Are Patients Harmed When Physicians Explain Things Too Simply?

A quick quiz before we start today’s lesson.

What do we call a tree that grows from acorns?

What do we call a funny story?

What sound does a frog make?

What is another word for a cape?

What do we call the white part of an egg?

On that last question, were you tempted to answer “yolk?” If so, you are in good company, because most people give that answer even though the correct answer is “albumen.” People answer yolk – after oak, joke, croak, and cloak – because that’s the fast choice. Primed by rhymes, people provide the wrong answer.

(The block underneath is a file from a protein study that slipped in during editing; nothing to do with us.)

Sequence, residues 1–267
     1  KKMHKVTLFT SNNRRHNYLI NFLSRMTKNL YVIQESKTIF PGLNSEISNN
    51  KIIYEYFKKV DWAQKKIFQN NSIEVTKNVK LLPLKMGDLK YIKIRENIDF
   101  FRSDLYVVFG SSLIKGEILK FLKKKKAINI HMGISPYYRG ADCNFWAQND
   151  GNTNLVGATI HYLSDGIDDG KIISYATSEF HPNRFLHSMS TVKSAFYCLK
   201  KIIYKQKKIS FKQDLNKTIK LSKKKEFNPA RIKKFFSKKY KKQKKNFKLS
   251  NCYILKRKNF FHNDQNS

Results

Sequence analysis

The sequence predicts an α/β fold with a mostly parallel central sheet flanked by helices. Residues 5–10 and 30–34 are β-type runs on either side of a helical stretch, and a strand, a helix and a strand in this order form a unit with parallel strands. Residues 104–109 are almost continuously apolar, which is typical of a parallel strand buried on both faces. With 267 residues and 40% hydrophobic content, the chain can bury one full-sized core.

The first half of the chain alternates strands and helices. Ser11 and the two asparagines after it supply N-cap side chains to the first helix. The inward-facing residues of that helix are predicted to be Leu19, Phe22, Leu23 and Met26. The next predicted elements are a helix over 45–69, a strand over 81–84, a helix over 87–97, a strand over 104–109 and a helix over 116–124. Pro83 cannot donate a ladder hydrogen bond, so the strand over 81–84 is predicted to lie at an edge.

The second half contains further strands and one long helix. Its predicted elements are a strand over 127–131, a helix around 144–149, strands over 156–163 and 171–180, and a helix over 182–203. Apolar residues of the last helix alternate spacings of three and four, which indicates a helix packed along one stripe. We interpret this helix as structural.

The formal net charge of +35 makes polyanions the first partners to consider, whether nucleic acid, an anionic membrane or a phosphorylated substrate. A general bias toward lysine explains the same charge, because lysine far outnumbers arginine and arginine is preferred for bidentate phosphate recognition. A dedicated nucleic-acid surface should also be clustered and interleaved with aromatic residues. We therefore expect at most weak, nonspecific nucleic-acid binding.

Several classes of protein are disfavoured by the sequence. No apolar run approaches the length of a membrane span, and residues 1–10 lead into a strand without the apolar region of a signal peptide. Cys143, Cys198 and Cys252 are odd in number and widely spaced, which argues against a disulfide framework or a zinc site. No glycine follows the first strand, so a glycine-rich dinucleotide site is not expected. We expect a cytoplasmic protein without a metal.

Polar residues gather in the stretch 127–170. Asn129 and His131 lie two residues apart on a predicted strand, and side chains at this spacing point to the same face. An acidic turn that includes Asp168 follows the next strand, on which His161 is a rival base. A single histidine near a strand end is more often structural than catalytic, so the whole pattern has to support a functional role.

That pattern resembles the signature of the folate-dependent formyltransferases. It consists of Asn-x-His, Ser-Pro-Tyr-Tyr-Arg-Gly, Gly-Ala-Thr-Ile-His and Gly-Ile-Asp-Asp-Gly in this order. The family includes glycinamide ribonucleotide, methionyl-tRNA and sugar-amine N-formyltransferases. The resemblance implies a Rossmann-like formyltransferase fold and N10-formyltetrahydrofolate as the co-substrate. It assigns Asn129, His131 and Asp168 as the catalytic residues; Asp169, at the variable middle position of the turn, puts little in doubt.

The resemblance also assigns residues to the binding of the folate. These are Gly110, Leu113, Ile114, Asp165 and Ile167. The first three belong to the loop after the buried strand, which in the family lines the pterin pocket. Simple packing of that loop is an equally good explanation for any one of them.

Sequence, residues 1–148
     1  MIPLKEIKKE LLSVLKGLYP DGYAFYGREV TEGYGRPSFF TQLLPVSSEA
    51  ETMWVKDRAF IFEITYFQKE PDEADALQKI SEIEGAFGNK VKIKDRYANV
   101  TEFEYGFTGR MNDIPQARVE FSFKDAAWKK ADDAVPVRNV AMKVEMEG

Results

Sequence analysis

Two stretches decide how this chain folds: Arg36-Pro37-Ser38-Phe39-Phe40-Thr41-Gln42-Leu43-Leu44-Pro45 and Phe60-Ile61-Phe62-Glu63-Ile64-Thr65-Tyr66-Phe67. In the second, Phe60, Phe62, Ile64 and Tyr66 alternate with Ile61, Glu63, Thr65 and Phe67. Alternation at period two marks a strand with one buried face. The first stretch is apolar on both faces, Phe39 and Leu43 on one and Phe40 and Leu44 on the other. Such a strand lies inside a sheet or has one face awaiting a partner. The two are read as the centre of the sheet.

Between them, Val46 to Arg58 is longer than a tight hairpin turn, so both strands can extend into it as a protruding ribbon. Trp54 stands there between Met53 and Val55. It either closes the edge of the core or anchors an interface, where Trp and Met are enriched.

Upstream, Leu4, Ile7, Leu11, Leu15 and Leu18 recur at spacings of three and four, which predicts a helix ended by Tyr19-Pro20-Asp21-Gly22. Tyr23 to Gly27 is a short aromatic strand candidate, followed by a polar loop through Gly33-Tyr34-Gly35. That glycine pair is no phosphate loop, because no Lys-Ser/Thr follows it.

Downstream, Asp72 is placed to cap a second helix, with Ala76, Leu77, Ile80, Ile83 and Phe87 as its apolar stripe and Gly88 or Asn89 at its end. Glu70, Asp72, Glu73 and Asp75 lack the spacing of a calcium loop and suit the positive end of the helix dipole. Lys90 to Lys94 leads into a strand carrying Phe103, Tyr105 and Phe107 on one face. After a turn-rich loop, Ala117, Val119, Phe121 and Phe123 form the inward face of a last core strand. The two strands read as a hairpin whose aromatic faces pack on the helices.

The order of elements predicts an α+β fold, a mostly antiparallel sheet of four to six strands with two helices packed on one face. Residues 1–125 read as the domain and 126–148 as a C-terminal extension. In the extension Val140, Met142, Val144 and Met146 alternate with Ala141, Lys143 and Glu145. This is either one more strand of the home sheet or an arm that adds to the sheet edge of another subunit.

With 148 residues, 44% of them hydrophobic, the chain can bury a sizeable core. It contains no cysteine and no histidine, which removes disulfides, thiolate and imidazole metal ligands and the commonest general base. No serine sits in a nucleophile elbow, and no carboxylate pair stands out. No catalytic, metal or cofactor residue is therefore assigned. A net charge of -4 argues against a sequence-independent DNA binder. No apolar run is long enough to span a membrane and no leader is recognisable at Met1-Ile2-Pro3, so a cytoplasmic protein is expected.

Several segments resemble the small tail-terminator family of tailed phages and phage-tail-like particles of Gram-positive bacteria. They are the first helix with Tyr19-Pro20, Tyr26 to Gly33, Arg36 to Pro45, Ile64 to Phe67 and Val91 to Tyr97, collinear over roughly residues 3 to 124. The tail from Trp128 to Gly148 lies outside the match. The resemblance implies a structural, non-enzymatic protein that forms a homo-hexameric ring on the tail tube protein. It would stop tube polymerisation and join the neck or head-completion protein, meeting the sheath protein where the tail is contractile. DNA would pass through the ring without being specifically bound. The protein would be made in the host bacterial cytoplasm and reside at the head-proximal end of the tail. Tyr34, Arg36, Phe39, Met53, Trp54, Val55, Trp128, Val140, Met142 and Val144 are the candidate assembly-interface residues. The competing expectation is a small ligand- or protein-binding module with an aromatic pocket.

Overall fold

Sometimes fast-thinking is not so good. Which raises an interesting question for physicians trying to help patients navigate important medical decisions Will they harm patients by explaining things so simply that patients make fast, erroneous choices? (To read the rest of this article, please visit Forbes.)

The views, opinions and positions expressed by these authors and blogs are theirs and do not necessarily represent that of the Bioethics Research Library and Kennedy Institute of Ethics or Georgetown University.